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In praise of Languedoc

It isn’t a lauded wine region – but it is one of France’s best.

By Andrew Jefford

Vast, airy, tough: that’s home. My family and I have been immigrants in Hérault since 2010. For three hours north of the front door, the road is patrolled more assiduously by owls than gendarmes. It winds through the scented limestone scrublands known as garrigues, then the Cévennes’s dark chestnut forests, then limestone uplands so denuded they even look dismal by moonlight. This is the south of France – but it isn’t. There are no jostling super-yachts, no Porsche-laden corniche roads, no manicured poodles on jewelled leads. That’s coastal Provence. This is inland Languedoc.

There’s lots of wine here. Quietly so, because the region can swallow up to one third of France’s vineyards and still leave ample wilderness to spare. Quietly so, because few Languedoc wine producers feel they have anything to brag about.

Yet they do: survival. I know of no other French wine region where so many properties have been in the hands of single families for so long – not decades but centuries. Wealth attracts churn. Languedoc remains – stoically, sometimes cussedly – unchurned.

The kind of wine you produce in Languedoc depends on where your vineyards lie: on the plains or in the hills. Neither furnishes an easy life. Around half of Languedoc-Roussillon’s 240,000 hectares of vines produce Pays d’Oc wines sold under grape-variety names (“varietal wines”): the wines of the plains. They’re hard-traded, often unlauded. Compare them with similarly priced varietal wines from the southern hemisphere or the US, though, and you may find them subtler, more pliant and more drinkable.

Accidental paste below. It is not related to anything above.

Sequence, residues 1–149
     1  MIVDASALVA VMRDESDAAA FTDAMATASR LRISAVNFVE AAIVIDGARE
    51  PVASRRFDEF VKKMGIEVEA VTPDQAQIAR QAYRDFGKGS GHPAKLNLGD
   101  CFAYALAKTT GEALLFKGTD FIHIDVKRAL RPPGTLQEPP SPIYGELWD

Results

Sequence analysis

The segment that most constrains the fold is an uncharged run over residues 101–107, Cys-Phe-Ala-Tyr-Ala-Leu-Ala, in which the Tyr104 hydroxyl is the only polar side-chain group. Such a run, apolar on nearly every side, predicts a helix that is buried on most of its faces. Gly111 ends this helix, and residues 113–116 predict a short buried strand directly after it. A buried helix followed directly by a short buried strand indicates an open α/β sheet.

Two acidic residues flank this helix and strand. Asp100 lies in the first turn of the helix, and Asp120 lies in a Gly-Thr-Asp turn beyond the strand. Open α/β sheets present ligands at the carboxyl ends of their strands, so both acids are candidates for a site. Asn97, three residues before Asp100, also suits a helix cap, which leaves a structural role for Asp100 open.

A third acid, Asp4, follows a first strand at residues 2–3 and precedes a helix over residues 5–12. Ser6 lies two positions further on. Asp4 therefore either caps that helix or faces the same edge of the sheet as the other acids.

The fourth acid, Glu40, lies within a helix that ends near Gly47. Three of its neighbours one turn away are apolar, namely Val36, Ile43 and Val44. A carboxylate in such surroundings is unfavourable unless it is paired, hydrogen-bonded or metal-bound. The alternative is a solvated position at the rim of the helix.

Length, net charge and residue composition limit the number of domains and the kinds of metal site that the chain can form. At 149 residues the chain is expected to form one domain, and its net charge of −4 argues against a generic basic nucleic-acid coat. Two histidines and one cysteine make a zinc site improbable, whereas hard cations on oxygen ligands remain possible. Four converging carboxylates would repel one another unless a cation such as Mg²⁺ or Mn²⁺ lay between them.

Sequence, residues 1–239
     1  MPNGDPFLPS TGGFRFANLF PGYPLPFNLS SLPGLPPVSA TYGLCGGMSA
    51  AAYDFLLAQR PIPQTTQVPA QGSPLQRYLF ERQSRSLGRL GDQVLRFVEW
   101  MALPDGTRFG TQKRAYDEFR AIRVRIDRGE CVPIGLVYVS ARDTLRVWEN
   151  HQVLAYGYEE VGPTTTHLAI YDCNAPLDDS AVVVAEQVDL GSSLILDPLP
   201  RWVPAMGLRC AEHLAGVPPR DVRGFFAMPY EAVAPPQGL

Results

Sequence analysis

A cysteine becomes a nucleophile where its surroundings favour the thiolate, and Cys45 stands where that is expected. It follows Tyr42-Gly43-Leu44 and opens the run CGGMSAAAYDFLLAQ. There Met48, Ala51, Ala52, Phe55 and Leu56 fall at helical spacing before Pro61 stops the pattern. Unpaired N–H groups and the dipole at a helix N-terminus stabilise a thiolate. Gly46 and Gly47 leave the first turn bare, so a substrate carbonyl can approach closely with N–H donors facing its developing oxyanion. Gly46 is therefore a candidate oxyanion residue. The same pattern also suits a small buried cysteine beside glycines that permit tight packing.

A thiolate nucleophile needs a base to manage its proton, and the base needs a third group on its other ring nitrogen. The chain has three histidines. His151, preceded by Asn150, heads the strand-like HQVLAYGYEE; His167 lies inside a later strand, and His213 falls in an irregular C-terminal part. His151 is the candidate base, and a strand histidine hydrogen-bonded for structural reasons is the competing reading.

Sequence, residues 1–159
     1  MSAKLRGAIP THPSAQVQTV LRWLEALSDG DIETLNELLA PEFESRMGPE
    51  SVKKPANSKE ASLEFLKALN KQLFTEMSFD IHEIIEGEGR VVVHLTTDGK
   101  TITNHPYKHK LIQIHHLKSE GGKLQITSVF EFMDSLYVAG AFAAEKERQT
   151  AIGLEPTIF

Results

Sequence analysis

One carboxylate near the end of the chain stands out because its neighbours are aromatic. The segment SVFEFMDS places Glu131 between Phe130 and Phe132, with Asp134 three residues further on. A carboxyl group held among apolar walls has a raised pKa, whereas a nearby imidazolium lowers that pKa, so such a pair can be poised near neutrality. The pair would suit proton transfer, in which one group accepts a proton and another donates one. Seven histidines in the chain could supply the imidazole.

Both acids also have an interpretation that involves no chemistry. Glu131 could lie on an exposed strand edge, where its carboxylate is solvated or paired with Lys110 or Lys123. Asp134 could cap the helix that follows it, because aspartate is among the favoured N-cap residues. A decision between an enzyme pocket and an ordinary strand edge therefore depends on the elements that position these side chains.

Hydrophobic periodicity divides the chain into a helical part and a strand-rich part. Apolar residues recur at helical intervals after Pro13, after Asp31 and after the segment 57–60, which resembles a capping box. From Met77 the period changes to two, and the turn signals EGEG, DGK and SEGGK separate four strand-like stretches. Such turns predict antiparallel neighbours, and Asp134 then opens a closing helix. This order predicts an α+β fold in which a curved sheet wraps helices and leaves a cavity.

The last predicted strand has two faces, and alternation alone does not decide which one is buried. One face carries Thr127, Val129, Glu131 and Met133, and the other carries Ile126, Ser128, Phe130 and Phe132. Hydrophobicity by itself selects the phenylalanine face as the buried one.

Then come Languedoc’s appellation wines: the wines of the hills. Their remote and often isolated vineyards look impeccable, as if their existence was somehow nature’s intention, nestling amid a sunlit chaos of scrub. Follow the red-and-white waymarked footpaths through this largely uncultivated landscape, and your boots scuff thyme, rosemary, savoury and lemon verbena. You’ll push aside cade and mastic bushes in breaks between holm oak, Aleppo pine, wild almond and olive. Scent freights the dry air.

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There are challenges here. France’s army of eager legislators sank their fangs into Languedoc prematurely, at the very outset of its journey towards quality in the late 20th century. Languedoc needed a century of playful experiment – to sniff out its distinguished sites, to slowly sift its varietal choices. Wine creators only perform once a year; varieties take decades to prove themselves in a site. Languedoc’s hastily stipulated red-wine blends, almost all of them based on Grenache, Syrah and Mourvèdre grapes, may not necessarily be the best means of giving voice to place. Syrah, indeed, is increasingly uncomfortable in Languedoc as its climate warms.

The plethora of Languedoc appellations, constantly juggled and rejuggled since inception, is more confusing than illuminating. These appellations, moreover, are articulated east-west rather than (as in Burgundy or the Rhône Valley) north-south. This is another difficulty: latitude doesn’t provide the limpid contrasts in weight and balance that nuance those other wine regions. A final mistake was to neglect white wines, which often reflect Languedoc’s biotope more faithfully than reds. Languedoc’s single most successful appellation wine on export markets is a white: Picpoul de Pinet, likeable and lemony, produced close to the glitter of oyster beds in the Étang de Thau. This historical oversight has had one advantage, though: recent Languedoc white wine appellations are more varietally liberal than the reds.

Languedoc classics such as Pic St Loup, Terrasses du Larzac, Faugères or St Chinian don’t necessarily have the sweet, seductive charm of their peers in the southern Rhône. I’ve often thought they’re French wine’s chamber music: compelling but cerebral. They appeal to seasoned drinkers – and to lovers of wilderness. Their garrigue notes often equate in practice to a scented, thorny bitterness. They improve each year; search hard, and their value is unrivalled. Through all the difficulties, Languedoc wine culture has endured, and it’s not stopping now.  

[See also: In wine’s culture war, we’ve all been winners]

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This article appears in the 15 May 2024 issue of the New Statesman, The Great Stink